For me, the second argument wouldn't be a dealbreaker. A lot has changed since Jeff (the network founder) argued passionately against "frivolous" questions which would make the sites less serious and professional. We even have sites which do nothing but types of questions he disapproved of early on.

However, the first problem - the polling part - is a very serious no-go for me. It is not just part of a now-gone-boss's strategy; they were tried, and found to not work well.

Also, if we drop the parameter "about restaurants: yes/no", which until now has been orthogonal to site scope rules, these questions fit nicely into existing categories. They are poll questions; they are questions-without-practical-problem; and they are questions-about-human-behavior. From this point of view, allowing this subset of questions will create an odd-one-out exception.

Again, this is not to be understood as an argumentation against all questions which are somehow related to restaurants; these questions can be further treated according to existing rules, with closing the closable ones and keeping the in-scope ones. In this case, I personally find the status quo reasonable.

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  • I'm not arguing to change the status quo; you were in your comment, where you stated that all restaurant practice questions were out of scope. If that was a mis-type, then that's fine, we're not changing anything.
    – FuzzyChef
    Commented Sep 29, 2022 at 22:11
  • Your basic argument appears to be "we don't allow polling questions, and by this elaborate logic, all questions about how restaurants do things are polling questions, regardless of what else the question contains." Your logic would apply equally to all history of food questions, all cooking technique questions, all ethnic cooking questions, etc.
    – FuzzyChef
    Commented Sep 29, 2022 at 22:25
  • It doesn't apply to all questions from these fields. You can see the acceptance as a two-step decision: first, we check if the question is a kind of question which is SO-conform (and that excludes poll questions, list questions, and many others) and only if it passes this check, it is checked if its content is within the topic scope. It is a hierarchy of checks, if you will, and the subject matter is secondary. So indeed, there are questions about history of food which are closable, but also questions about our core topics, such as preparation techniques, which are closable.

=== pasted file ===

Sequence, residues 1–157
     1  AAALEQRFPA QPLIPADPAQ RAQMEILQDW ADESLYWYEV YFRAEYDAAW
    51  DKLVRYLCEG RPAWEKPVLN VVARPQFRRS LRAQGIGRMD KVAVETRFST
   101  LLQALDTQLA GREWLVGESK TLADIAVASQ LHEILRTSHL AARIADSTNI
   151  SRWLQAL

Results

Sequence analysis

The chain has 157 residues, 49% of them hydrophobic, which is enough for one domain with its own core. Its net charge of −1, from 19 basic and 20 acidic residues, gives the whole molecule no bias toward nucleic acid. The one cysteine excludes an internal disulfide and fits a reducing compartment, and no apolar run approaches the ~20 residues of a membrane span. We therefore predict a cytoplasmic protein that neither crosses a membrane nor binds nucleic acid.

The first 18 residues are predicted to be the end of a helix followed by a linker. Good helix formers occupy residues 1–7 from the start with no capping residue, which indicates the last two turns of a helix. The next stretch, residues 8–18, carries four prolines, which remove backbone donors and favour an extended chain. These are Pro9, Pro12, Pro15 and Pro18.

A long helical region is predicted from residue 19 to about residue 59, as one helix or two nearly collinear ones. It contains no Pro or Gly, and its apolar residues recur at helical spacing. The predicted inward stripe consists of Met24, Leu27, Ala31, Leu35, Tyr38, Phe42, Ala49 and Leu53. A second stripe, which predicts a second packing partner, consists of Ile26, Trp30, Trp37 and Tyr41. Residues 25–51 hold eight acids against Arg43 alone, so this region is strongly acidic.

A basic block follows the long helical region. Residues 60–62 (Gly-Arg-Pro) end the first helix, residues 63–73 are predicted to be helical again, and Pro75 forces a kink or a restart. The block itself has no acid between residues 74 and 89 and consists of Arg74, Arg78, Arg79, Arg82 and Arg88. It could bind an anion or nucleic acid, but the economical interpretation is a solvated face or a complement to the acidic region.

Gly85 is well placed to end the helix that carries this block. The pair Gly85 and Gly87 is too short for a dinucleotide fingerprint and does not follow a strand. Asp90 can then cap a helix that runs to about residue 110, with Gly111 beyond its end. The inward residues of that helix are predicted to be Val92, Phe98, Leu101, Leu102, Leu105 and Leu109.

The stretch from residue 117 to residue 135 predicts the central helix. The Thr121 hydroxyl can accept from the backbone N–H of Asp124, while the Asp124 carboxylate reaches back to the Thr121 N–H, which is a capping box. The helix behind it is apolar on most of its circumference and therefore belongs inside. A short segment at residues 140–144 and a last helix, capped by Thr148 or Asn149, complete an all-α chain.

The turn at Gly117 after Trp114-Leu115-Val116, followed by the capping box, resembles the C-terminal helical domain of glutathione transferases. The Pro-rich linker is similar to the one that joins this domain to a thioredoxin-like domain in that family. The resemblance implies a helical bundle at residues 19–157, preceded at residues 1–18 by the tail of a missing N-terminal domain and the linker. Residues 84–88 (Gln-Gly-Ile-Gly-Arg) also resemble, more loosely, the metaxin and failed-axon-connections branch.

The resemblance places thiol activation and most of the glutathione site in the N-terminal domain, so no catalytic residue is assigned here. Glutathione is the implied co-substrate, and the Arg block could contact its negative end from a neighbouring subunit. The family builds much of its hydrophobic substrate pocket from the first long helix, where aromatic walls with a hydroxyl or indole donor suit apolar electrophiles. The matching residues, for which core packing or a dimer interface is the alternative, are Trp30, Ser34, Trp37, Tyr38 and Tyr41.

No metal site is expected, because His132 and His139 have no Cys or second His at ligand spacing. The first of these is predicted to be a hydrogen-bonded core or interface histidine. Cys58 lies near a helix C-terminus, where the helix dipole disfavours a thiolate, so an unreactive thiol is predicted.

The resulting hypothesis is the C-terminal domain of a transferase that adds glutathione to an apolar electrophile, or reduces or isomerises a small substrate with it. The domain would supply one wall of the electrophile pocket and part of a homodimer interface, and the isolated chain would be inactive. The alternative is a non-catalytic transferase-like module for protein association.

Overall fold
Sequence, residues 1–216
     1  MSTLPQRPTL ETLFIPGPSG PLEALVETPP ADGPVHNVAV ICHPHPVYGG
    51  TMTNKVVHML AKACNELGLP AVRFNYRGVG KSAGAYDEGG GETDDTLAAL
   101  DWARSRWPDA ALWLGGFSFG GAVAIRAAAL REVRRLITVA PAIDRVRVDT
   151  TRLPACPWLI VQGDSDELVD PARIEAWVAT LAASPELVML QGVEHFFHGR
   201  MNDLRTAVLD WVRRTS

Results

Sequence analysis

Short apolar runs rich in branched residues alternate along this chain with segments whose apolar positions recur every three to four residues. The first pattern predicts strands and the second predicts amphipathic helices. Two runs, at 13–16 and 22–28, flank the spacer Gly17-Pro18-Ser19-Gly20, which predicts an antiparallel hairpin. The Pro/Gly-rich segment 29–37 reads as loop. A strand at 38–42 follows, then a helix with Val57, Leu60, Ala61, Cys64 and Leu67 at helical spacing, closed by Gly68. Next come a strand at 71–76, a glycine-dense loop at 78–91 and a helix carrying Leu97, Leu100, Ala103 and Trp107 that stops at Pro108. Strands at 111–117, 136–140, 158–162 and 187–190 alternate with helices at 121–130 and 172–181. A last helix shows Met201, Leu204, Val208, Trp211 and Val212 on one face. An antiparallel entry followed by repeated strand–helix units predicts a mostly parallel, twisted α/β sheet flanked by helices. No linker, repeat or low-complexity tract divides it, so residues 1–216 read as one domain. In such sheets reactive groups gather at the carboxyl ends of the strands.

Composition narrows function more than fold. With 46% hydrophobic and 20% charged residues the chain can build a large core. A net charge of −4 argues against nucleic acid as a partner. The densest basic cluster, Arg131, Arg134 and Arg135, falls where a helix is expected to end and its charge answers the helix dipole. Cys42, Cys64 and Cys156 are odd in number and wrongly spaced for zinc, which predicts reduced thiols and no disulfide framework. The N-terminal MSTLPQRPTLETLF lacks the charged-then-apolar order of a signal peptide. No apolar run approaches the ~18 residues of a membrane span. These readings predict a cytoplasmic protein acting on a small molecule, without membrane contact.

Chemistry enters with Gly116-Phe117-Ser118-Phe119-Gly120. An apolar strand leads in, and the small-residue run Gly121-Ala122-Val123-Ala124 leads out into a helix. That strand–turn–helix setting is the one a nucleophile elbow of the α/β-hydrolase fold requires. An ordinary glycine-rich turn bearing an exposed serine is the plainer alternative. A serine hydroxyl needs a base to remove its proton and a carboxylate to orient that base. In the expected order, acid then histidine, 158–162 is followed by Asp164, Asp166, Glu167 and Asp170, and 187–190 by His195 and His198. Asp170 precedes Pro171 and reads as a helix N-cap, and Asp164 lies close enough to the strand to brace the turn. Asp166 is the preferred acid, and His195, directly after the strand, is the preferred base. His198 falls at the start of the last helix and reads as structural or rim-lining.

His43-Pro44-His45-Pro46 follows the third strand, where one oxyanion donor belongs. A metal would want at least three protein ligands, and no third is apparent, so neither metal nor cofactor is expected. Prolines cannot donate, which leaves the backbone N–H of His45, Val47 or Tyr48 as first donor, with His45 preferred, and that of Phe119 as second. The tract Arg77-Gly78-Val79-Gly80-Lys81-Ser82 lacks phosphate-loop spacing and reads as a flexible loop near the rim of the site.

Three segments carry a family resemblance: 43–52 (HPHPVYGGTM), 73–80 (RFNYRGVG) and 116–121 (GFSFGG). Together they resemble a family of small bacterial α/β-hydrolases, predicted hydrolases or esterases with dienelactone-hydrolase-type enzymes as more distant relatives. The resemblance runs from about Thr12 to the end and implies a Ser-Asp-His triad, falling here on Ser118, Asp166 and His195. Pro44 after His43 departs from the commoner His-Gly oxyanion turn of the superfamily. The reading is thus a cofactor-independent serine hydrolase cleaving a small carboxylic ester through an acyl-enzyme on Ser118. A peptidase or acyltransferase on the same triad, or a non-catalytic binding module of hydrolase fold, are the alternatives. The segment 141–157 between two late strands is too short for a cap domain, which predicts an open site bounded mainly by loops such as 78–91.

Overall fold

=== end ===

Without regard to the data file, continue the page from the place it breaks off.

– rumtscho Mod
    Commented Sep 30, 2022 at 12:02
  • And yet there are still tons of other questions within these fields which are not closable, and we accept them and answer them happily. In fact, if there is a question which is about restaurant practices and is not a poll question will stay open under the current rules - and that's one of the reasons why I don't see a need to create a new topic-based exception and decree that out of all possible questions, poll questions about restaurant practice should stay open.
    – rumtscho Mod
    Commented Sep 30, 2022 at 12:06
  • You were the one to specifically call out restaurant practices in that comment. Again, if the fact that it is about restaurant practices is irrelevant to whether or not it should be closed, then why call it out?
    – FuzzyChef
    Commented Sep 30, 2022 at 18:35